I’m fascinated by concepts of change, movement, energy and perception; since they are closely related to the way we experience the world

Cynthia Breazeal

How an emotional, empathetic robot named Jibo stands to revolutionize communication

Read More
The thing that's so provocative about social robots is that it's fundamentally a community technology

Melissa Kushner

Addressing the needs of orphans and vulnerable children in Malawi through microenterprise

Read More
Poverty is complicated, there is an increasing temptation and pressure in the development space to oversimplify things

Joshua Harker

Pushing the boundaries of sculpture with intricate 3D printing

Read More
My intent was to explore and depict the architecture of the imagination, to interpret and share forms evident in the mind’s eye

Douglas Riboud + Justin Guilbert

How a mission to create great coconut water led to a whole new way of doing business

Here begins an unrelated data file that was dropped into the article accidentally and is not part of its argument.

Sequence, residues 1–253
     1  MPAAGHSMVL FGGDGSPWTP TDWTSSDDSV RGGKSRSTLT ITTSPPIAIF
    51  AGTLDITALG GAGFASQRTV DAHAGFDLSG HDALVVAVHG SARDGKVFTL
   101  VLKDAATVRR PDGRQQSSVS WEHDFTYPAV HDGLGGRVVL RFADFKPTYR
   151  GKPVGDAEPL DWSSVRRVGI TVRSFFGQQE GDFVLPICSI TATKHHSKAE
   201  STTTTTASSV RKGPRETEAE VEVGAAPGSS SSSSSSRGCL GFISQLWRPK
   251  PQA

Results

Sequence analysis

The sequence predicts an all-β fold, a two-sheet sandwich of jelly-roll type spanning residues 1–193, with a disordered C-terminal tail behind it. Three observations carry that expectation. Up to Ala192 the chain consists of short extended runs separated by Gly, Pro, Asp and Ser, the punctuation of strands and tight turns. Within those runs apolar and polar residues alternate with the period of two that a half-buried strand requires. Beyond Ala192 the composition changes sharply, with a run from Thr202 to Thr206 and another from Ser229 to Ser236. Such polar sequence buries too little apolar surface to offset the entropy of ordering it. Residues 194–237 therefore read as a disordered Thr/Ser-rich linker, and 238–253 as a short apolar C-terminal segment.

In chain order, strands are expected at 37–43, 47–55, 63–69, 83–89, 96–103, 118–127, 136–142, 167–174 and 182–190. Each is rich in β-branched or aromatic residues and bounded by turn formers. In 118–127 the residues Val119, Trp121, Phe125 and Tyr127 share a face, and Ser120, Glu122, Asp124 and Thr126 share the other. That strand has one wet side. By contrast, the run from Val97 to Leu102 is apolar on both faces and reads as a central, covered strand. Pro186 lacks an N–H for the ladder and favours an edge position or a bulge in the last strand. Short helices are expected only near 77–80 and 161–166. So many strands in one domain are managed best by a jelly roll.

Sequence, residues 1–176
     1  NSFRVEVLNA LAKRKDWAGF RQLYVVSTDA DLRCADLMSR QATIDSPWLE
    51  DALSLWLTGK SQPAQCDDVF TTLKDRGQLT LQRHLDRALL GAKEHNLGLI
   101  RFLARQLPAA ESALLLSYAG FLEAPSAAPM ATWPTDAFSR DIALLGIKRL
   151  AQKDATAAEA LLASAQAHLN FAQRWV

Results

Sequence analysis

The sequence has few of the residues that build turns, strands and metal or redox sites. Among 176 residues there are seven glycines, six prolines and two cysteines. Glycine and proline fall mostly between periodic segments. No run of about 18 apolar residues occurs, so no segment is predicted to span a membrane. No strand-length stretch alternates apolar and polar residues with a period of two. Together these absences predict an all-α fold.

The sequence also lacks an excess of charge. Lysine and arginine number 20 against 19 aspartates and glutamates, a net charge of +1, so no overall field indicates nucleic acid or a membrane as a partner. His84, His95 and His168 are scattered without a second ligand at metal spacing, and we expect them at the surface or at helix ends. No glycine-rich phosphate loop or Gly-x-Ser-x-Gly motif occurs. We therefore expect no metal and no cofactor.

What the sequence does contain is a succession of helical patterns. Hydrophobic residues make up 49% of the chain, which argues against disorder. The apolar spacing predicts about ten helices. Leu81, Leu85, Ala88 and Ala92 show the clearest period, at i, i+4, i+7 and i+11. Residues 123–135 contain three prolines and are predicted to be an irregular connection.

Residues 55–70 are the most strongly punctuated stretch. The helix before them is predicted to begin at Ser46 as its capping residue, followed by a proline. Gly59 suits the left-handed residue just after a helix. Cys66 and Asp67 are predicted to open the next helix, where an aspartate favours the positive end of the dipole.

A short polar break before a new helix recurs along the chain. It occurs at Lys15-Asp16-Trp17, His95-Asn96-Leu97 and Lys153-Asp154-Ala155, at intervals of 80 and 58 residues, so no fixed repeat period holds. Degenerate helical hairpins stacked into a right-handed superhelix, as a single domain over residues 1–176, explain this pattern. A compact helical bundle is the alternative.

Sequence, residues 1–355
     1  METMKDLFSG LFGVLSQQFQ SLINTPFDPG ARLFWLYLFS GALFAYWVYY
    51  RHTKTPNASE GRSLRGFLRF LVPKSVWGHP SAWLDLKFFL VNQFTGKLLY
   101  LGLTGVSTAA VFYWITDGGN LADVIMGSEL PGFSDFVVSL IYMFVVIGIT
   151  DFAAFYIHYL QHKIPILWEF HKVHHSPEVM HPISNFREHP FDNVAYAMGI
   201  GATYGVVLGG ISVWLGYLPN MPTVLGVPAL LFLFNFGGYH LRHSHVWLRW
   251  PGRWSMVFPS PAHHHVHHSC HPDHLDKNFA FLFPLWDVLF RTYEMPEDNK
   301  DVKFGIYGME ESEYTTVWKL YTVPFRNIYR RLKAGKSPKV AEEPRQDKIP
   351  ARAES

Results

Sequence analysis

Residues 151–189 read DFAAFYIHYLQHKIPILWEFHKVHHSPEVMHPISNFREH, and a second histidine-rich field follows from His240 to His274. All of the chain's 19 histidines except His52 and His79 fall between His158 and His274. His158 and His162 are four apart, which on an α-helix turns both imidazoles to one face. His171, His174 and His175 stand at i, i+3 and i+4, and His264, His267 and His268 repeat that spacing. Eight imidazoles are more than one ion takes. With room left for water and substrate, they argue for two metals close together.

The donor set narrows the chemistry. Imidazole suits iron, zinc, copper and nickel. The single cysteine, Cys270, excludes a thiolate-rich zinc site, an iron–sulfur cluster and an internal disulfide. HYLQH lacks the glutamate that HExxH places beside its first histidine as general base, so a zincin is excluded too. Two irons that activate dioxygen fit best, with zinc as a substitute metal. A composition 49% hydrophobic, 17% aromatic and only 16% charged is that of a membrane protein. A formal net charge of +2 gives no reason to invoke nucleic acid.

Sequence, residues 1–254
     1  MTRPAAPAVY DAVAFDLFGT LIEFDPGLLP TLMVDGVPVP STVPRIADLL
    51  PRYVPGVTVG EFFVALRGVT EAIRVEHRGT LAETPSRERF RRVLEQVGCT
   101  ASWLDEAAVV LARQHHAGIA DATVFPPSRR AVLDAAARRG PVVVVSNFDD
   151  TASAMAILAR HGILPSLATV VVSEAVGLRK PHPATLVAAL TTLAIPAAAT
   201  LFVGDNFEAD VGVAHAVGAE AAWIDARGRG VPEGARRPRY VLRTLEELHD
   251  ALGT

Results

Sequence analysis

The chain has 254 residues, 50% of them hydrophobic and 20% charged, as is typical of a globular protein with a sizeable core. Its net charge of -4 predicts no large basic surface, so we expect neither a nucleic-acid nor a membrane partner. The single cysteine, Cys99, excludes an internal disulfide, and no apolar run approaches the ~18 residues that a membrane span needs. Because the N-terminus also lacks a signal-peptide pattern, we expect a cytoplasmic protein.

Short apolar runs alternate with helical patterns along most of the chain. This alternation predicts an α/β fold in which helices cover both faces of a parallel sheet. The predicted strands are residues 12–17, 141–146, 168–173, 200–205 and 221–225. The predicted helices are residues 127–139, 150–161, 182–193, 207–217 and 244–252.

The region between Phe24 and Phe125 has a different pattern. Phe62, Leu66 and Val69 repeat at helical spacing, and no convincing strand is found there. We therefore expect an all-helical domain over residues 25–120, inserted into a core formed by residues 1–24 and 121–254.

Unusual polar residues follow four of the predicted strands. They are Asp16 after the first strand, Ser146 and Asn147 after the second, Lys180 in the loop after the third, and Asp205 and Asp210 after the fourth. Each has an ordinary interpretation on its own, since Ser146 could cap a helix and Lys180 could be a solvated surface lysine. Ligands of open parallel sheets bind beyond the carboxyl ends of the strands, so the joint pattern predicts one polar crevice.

Read More
We’ve made a conscious decision to be as transparent and honest as we can, and let people decide for themselves

Tal Danino

The bioengineer who’s programming DNA to fight cancer

Read More
[Manipulating genes] is very new, people are just learning how to program these organisms

Marcus Weller

Using technology to turn motorcycle helmet design on its head

Read More
I was taken aback both by the number of people that doubted it, and by the equally large number of people that got behind it

Kathleen Supové

The NYC performance artist who’s radically reinventing the piano recital

Read More
I like pieces that are virtuosic, that show off the piano and what it can do, and are awe-inspiring

Leopoldine Huyghues Despointes

The young filmmaker and non-profit founder who just wants people to follow their dreams